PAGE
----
The Average Student
by Pauline Rankin

I spent two years as the part-time ombudsofficer at a major university in British Columbia. It was there that I was introduced to a mythical creature known as The Average Student. The values and mores of university infrastructure are based on what the average student would reasonably do in any given situation. Needless to say, I did not meet many of these "average students" because the people who round their way to my office were already in some kind of difficulty, placing them outside of the realm of the ordinary.

University has always been a source of great pleasure and massive stress.

I have also never been an average student myself. I am a thirty-nine year old woman who has been taking the scenic route towards a B.A. since I was twenty-two. My academic career is chaotic and pitted much like my life has been over this sixteen year period. I have faced mental health disabilities such as anxiety and depression, and physical health problems such as congestive heart failure. University has always been a source of great pleasure and massive stress. My transcript is the record of a person who has failed to give up her dream of obtaining a degree. But outwardly it looks like the record of someone with an inconsistent performance and a few failures. it also shows periods of time where I have withdrawn or disappeared.

Why do I do it? Why do anyone of us do it? Why do so many people with disabilities struggle through the hoops towards getting a university education a task that is difficult at best for the "average student"? It is 1996. Why are universities moving at such a slow pace towards making education accessible and attainable? And who is this average student anyway?

The "average student," in my opinion, is a white male (or female), 18 to 25 year old, straight, middle class, non-disabled, financially secure individual who has easy access to the hallowed halls of learning. This person completes all assignments on time (unless some disaster strikes), always shows up for classes and never makes "excuses" for himself.

Excuses are a whole other category. Universities often regard disabilities as excuses. It is feared that making allowances for people with disabilities will compromise the academic integrity of the institution. Either you can do the work, or you cannot. End of story. No excuses. The myth of the average student creates powerful obstacles for students with disabilities, not to mention the architectural barriers that are in place: staircases, crowded thoroughfares and jammed elevators. Educational institutions ought to be progressive think-tanks and major contributors to human evolution. Perhaps universities were never designed to be accessible. They were established for monks and nobleman with money, time and privilege on their bands. The modern day average student is the equivalent to the nobleman or monk. The rest of us must struggle to graduate.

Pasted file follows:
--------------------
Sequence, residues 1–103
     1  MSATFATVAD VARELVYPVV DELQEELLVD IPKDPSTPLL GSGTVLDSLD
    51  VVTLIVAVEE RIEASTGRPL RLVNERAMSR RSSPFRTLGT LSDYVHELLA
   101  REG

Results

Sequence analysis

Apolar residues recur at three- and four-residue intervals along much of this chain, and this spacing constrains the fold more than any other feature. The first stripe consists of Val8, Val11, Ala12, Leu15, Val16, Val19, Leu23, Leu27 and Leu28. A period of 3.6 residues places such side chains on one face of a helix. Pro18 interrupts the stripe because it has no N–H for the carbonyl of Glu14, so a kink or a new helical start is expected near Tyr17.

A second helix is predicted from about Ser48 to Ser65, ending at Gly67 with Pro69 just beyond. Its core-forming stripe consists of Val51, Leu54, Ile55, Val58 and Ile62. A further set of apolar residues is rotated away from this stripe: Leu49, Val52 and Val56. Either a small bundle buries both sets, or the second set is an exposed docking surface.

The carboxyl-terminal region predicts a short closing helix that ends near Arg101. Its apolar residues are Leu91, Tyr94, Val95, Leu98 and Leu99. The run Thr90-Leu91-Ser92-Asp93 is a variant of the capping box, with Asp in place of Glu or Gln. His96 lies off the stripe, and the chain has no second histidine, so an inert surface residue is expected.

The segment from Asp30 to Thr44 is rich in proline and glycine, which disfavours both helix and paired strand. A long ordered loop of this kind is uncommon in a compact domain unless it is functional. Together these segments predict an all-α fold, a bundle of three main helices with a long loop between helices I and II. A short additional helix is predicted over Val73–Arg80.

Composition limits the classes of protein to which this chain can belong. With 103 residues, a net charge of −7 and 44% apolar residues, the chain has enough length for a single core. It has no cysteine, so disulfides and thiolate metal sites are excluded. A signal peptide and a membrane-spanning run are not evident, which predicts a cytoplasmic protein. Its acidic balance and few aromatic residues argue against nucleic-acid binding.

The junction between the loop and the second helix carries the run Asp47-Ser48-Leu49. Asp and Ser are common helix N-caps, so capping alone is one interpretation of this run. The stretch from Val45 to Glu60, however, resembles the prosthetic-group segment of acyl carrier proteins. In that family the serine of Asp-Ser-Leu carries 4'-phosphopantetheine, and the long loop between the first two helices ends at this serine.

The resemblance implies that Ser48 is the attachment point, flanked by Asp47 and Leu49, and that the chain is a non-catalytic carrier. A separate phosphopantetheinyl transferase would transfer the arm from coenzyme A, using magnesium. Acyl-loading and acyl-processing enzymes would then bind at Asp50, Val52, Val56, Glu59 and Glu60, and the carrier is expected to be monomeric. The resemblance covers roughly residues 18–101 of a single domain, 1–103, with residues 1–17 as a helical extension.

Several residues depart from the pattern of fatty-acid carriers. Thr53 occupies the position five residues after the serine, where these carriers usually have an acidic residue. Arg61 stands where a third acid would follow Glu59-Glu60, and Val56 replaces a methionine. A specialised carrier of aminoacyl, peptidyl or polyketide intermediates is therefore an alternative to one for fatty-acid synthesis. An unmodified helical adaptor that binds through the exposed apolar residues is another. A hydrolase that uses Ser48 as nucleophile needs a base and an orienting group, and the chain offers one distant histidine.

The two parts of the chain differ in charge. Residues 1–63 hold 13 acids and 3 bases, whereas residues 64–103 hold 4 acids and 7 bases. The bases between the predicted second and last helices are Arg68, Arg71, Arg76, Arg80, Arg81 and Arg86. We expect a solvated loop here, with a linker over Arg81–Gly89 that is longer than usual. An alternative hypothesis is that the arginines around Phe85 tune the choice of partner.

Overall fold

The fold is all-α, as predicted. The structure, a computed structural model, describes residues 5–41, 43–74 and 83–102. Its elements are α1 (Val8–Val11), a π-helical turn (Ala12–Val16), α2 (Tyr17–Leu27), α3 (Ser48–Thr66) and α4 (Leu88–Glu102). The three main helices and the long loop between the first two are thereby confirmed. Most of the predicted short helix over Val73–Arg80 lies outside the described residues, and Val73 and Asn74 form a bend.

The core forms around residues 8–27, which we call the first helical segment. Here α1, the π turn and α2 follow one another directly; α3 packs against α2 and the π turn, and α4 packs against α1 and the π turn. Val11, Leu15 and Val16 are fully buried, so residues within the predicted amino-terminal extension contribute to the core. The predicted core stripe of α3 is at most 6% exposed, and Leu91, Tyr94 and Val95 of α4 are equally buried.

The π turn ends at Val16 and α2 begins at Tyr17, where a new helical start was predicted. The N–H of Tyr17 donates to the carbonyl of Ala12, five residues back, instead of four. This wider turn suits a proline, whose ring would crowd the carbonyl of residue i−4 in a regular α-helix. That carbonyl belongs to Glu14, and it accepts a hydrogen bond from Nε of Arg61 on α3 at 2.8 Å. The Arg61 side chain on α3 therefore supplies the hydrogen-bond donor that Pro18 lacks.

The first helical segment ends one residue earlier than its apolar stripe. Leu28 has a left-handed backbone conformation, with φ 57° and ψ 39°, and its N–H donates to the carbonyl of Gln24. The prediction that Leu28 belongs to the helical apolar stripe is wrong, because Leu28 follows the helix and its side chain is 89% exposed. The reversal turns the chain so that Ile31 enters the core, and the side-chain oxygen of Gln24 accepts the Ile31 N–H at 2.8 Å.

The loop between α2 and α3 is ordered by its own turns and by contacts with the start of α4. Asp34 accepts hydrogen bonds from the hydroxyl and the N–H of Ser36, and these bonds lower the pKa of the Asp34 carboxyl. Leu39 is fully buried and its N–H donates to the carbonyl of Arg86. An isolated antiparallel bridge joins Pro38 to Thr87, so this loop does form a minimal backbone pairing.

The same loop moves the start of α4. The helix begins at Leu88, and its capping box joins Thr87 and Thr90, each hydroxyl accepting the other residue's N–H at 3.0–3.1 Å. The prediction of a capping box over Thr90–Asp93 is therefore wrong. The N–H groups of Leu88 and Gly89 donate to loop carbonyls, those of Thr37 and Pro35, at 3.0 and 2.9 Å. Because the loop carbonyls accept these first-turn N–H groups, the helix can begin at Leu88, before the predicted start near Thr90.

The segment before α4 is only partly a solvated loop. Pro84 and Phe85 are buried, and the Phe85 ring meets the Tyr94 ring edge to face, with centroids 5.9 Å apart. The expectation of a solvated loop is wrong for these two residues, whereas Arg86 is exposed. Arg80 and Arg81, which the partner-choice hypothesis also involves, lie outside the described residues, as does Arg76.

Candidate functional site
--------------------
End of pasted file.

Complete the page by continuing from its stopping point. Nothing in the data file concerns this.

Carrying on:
L'étudiant moyen
par Pauline Rankin

En ma qualité de protectrice des employés dan une grande université de Colombie-Britannique, j'ai rencontré une créature mythique qu'on appelle l'Etudiant moyen. L'étudiant moyen est blanc, du sexe masculin ou féminin, a de 18 à 25 ans, est hétérosexuel, appartient à la classe moyenne, n'a pas d'handicap et ne connaît pas de problèmes financiers. Il ou elle termine tous ses devoirs à temps, assiste à tous les cours et n'a jamais d'excuses.

Le mythe de l'étudiant moyen dresse d'immenses obstacles aux étudiants handicapés. Il se peut que l'accessibilité des universités n'ait jamais été prévue. On les a fondées à l'intention des moines et des nobles qui avaient de l'argent, du temps et des privilèges; aujourd'hui, l'étudiants moyen s'apparente au moine ou à l'aristocrate.

Il m'a fallu cinq fois plus de temps pour faire des études qu'à j'étudiants moyen, mais j'ai aussi appris entre-temps cinq plus que lui ou elle. La vie universitaire m'a donné une détermination sans limite. Je suis ravie de ne pas m'être contentée d'être tout simplement moyenne.

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